Vowels

Front Back
Close i, ĩ u, ũ
Close-mid e o
Open-mid ɛ, ɛ̃ ɔ, ɔ̃
Open a, ã

Vowels Near-close Close-mid Mid Open-mid Near-open Open Where symbols appear in pairs, the one to the right represents a rounded vowel. ... A back vowel is a type of vowel sound used in some spoken languages. ... A close vowel is a type of vowel sound used in many spoken languages. ... A close-mid vowel is a type of vowel sound used in some spoken languages. ... The open-mid vowels make a class of vowel sounds used in some spoken languages. ... An open vowel is a vowel sound of a type used in most spoken languages. ...

Writing system

Ewe is written in the African reference alphabet, the Latin alphabet, with some extra letters, some of which are derived from the International Phonetic Alphabet, added to represent certain sounds. The proposal of an African reference alphabet was the result of a conference at Niamey in 1978 organized by the UNESCO. The alphabet was revised in 1982. ... The Latin alphabet, also called the Roman alphabet, is the most widely used alphabetic writing system in the world today. ... Not to be confused with the NATO phonetic alphabet, which has also informally been called the “International Phonetic Alphabet”. For information on how to read IPA transcriptions of English words, see IPA chart for English. ...

A a B b D d Ɖ ɖ Dz dz E e Ɛ ɛ F f Ƒ ƒ G g Gb gb Ɣ ɣ
/a/ /b/ /d/ /ɖ/ /ʣ/ /e/ /ɛ/ /f/ /ɸ/ /ɡ/ /ɡ͡b/ /ɣ/
H h I i K k Kp kp L l M m N n Ny ny Ŋ ŋ O o Ɔ ɔ P p
/h/ /i/ /k/ /k͡p/ /l/ /m/ /n/ /ɲ/ /ŋ/ /o/ /ɔ/ /p/
R r S s T t Ts ts U u V v Ʋ ʋ W w X x Y y Z z
/l/ /s/ /t/ /ʦ/ /u/ /v/ /β/ /w/ /x/ /j/ /z/

A tilde ( ˜ ) is placed over vowels to mark nasalization. Tone is generally unmarked, except in some common cases which require disambiguation, eg. the first person plural pronoun 'we' is marked high to distinguish it from the second person plural mi 'you', and the second person singular pronoun 'you' is marked low to distinguish it from the third person plural pronoun wo 'they/them' African D (Ɖ, É–) is a Latin letter representing the voiced retroflex plosive . ... Open e (majuscule: Ɛ, minuscule: É›) is a letter of the extended Latin alphabet. ... The letter (minuscule: Æ’) is a letter of the Latin alphabet, based on the italic form of F. It is used in writing the Ewe language to represent a voiceless bilabial fricative (IPA: ), as distinct from the letter F, which represents a voiceless labiodental fricative. ... The voiced velar fricative is a type of consonantal sound, used in some spoken languages. ... The eng is a letter: ÅŠ (capital), Å‹ (small). ... Open o (majuscule: Ɔ, miniscule: É”) is a letter of the extended Latin alphabet. ... The labiodental approximant is a type of consonantal sound, used in some spoken languages. ... A tilde. ... In phonetics, nasalization is the production of a sound while the velum is lowered, so that air escapes partially or wholly through the nose during the production of the sound. ... It has been suggested that Tonal language be merged into this article or section. ...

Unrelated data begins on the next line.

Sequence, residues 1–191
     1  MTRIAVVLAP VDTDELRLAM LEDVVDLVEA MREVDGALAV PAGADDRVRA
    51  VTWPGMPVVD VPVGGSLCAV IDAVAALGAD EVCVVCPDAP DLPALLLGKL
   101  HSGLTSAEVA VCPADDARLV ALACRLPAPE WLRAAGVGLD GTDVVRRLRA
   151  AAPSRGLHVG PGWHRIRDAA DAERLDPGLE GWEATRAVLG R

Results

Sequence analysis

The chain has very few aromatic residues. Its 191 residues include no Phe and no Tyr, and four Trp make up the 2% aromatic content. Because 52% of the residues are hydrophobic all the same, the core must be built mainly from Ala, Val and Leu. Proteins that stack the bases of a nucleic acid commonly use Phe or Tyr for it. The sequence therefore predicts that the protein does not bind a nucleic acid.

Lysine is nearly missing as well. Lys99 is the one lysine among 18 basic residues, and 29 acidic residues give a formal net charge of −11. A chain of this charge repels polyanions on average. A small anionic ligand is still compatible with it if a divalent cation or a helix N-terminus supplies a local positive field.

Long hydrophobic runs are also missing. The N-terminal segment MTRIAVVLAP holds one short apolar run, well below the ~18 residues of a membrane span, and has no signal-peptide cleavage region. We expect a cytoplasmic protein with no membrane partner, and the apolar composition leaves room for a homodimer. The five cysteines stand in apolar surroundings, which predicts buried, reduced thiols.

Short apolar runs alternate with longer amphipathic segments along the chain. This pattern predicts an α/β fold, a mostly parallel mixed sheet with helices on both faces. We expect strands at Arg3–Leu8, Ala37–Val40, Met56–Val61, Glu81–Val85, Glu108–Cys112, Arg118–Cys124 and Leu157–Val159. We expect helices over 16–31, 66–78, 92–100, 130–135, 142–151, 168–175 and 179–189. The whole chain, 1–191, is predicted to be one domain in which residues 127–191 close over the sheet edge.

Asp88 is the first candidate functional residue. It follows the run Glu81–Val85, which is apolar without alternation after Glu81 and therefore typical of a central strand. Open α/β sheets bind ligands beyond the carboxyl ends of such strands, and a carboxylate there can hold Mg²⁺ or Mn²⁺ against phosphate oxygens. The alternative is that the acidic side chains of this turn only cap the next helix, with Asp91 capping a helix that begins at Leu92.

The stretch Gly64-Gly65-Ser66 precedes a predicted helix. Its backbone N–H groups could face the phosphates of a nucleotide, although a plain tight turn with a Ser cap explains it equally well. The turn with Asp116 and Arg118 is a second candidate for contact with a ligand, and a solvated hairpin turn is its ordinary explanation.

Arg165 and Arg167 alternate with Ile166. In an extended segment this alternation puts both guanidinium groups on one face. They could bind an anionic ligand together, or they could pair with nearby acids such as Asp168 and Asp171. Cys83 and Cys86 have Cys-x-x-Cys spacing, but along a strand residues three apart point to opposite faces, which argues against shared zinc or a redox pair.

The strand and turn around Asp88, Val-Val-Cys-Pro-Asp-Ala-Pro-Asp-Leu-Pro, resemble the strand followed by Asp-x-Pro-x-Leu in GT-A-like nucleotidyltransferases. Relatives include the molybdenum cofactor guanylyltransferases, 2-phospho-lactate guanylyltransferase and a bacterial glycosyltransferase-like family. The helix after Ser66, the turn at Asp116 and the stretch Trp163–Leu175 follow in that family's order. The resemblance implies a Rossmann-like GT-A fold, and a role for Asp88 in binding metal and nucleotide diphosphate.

• ekpɔ wò [ɛ́k͡pɔ̀ wɔ̀] — 'he saw you'
  • ekpɔ wo [ɛ́k͡pɔ̀ wɔ́] — 'he saw them'

Status

Ewe is a national language in Togo and Ghana. This article or section is in need of attention from an expert on the subject. ...


References

  • Ansre, Gilbert (1961) The Tonal Structure of Ewe. MA Thesis, Kennedy School of Missions of Hartford Seminary Foundation.
  • Ameka, Felix Kofi (2001) 'Ewe'. In Garry and Rubino (eds.), Fact About the World's Languages: An Encyclopedia of the World's Major Languages, Past and Present, 207-213. New York/Dublin: The H.W. Wilson Company.
  • Capo, Hounkpati B.C. (1991) A Comparative Phonology of Gbe, Publications in African Languages and Linguistics, 14. Berlin/New York: Foris Publications & Garome, Bénin: Labo Gbe (Int).
  • Pasch, Helma (1995) Kurzgrammatik des Ewe Köln: Köppe.
  • Westermann, Diedrich Hermann (1930) A Study of the Ewe Language London: Oxford University Press.

External links

Wikipedia
Ewe language edition of Wikipedia, the free encyclopedia

  Results from FactBites:
 
Ethnologue report for language code:ewe (139 words)
Literacy rate in first language: 30% to 60%.
Literacy rate in second language: 75% to 100%.
Ewe as a second language: a sociolinguistic survey of Ghana’s central Volta region.
Ewe language - Wikipedia, the free encyclopedia (376 words)
Ewe is part of a cluster of related languages commonly called Gbe, stretching from eastern Ghana to Western Nigeria.
Ewe is one of the better documented languages of Africa, partly due to the massive work of Diedrich Hermann Westermann, who published many dictionaries and grammars of Ewe and several other Gbe languages.
Ewe is written in the African reference alphabet, the Latin alphabet, with some extra letters, some of which are derived from the International Phonetic Alphabet, added to represent certain sounds.
  More results at FactBites »